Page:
House of Fools
2002, R, 104 min. Directed by Andrei Konchalovsky. Starring Yuliya Vysotskaya, Sultan Islamov, Stanislav Varkki, Vladas Bagdonas, Yevgeni Mironov, Yelena Fomina, Marina Politsejmako, Bryan Adams.
REVIEWED By Marjorie Baumgarten, Fri., June 13, 2003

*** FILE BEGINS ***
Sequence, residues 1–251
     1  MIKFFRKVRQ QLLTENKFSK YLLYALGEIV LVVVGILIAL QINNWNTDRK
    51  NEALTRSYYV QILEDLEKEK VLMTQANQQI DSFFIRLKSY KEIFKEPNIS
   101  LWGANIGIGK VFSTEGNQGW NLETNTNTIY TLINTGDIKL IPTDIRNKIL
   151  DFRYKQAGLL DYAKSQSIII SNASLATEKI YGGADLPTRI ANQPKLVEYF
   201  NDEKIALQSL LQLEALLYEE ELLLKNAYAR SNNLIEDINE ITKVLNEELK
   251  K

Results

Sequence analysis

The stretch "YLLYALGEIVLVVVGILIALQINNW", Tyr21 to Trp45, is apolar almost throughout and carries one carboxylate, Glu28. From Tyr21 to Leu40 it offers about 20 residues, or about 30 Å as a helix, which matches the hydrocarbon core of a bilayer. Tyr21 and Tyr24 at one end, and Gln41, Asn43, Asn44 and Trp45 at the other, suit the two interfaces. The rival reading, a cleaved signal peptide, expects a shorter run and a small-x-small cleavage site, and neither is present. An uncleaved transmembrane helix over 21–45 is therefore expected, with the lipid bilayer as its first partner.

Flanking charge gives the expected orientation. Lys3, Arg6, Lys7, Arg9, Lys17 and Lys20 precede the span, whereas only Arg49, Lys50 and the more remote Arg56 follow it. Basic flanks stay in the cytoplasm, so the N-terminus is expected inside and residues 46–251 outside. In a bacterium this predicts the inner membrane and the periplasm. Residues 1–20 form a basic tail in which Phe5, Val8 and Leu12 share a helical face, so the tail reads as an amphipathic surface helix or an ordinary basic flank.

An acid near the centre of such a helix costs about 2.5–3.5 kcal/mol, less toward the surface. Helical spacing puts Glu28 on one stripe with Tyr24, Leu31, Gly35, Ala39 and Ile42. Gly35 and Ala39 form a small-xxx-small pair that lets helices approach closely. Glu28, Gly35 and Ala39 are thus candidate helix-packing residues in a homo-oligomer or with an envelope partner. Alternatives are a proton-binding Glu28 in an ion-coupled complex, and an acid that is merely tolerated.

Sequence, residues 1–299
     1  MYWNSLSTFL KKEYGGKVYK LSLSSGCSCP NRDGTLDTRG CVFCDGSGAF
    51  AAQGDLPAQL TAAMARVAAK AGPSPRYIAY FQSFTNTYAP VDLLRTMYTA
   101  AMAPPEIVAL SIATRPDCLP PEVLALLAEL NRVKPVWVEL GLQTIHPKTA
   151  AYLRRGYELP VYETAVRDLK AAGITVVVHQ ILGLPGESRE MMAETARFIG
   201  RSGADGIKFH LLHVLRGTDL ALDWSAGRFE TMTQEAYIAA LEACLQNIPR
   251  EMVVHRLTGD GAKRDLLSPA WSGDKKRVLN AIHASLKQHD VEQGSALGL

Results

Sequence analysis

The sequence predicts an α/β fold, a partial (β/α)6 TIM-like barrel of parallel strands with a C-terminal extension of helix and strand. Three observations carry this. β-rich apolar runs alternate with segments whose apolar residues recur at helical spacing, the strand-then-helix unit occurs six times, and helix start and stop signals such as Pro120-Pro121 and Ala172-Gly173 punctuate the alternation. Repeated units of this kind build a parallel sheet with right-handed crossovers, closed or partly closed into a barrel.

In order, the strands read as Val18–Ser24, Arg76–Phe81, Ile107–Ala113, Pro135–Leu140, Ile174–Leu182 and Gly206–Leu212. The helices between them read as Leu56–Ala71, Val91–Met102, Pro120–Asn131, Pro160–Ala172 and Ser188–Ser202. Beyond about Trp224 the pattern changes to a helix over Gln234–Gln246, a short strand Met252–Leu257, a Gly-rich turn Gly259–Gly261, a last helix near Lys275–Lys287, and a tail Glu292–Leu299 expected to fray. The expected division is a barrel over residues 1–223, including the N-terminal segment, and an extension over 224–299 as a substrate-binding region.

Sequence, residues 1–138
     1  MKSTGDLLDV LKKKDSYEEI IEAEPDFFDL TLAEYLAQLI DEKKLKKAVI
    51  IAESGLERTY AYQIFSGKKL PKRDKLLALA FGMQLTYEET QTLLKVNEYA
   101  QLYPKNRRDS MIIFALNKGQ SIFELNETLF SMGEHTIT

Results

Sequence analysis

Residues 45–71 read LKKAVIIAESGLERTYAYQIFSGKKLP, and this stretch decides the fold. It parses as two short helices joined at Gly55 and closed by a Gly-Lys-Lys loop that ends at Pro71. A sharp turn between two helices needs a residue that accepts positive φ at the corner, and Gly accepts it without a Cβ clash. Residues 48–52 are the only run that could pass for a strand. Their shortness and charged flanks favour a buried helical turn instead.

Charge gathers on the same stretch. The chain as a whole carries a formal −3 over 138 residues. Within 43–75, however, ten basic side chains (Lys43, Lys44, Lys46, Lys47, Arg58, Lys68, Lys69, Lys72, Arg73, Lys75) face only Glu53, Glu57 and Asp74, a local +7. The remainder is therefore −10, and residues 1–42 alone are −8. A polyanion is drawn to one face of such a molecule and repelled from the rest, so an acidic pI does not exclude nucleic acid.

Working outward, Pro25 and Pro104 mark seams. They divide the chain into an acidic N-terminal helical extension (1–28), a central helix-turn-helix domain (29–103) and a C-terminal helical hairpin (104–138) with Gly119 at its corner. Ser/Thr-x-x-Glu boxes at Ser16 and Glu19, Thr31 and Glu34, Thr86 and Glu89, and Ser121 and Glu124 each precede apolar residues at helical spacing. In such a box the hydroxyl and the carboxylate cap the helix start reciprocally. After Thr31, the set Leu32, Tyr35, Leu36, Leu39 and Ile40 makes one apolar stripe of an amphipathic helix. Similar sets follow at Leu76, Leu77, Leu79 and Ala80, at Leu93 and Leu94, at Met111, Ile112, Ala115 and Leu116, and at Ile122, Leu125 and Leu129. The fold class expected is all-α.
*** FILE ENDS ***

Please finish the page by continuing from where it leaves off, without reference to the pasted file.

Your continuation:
The esteemed Russian director Andrei Konchalovsky, who made a couple of well-regarded movies (Runaway Train, Shy People) during a sojourn in Hollywood during the Eighties, has not fared as well since returning to his native land. Perhaps his reputation remains intact because we've kindly neglected to remember his direction in America of less notable films like the dog of a movie Tango & Cash. But the two Russian movies I've seen since he departed America - 1991's The Inner Circle and last year's House of Fools - show that Konchalovsky has gotten bogged down in sentimental trifles that fail to travel well. House of Fools adopts the hoary metaphor of the madhouse as a microcosm of society. More or less based on a true story, House of Fools takes place during the Russian military invasion into Chechnya. All the medical and support staff flee the hospital, leaving the mental patients to run the asylum. Classic bedlam breaks out, which in this movie means resorting to tired cliches of things like naked patients swinging from the rafters. The story's focus of attention is Janna (Vysotskaya), a lovely wisp of a girl, a patient who plays accordion during the residents' exercises. Better functioning than some of the other inmates (many of whom are played by nonprofessional, real-life patients), Janna is a sweet naif who believes that she is engaged to the musician Bryan Adams (who actually appears in the film). When the Russian soldiers take over the asylum Janna quickly transfers her need for love to one of the soldiers who entertains himself in her company. Although House of Fools is as sweet as King of Hearts, it has none of the fury of One Flew Over the Cuckoo's Nest - if you combined the two films you would end up with something exactly like House of Fools. Vysotskaya's ever-present accordion is even reminiscent of Genevieve Bujold's umbrella in King of Hearts. Konchalovsky's overall portrait of asylum life is clichéd, yet his camera really comes to life in an action scene of the invasion as patients scatter across the grounds trapped in their own madness and oblivious to the explosions around them. The use of Bryan Adams as the madwoman's imagined paramour is indicative of just how mediocre this movie is.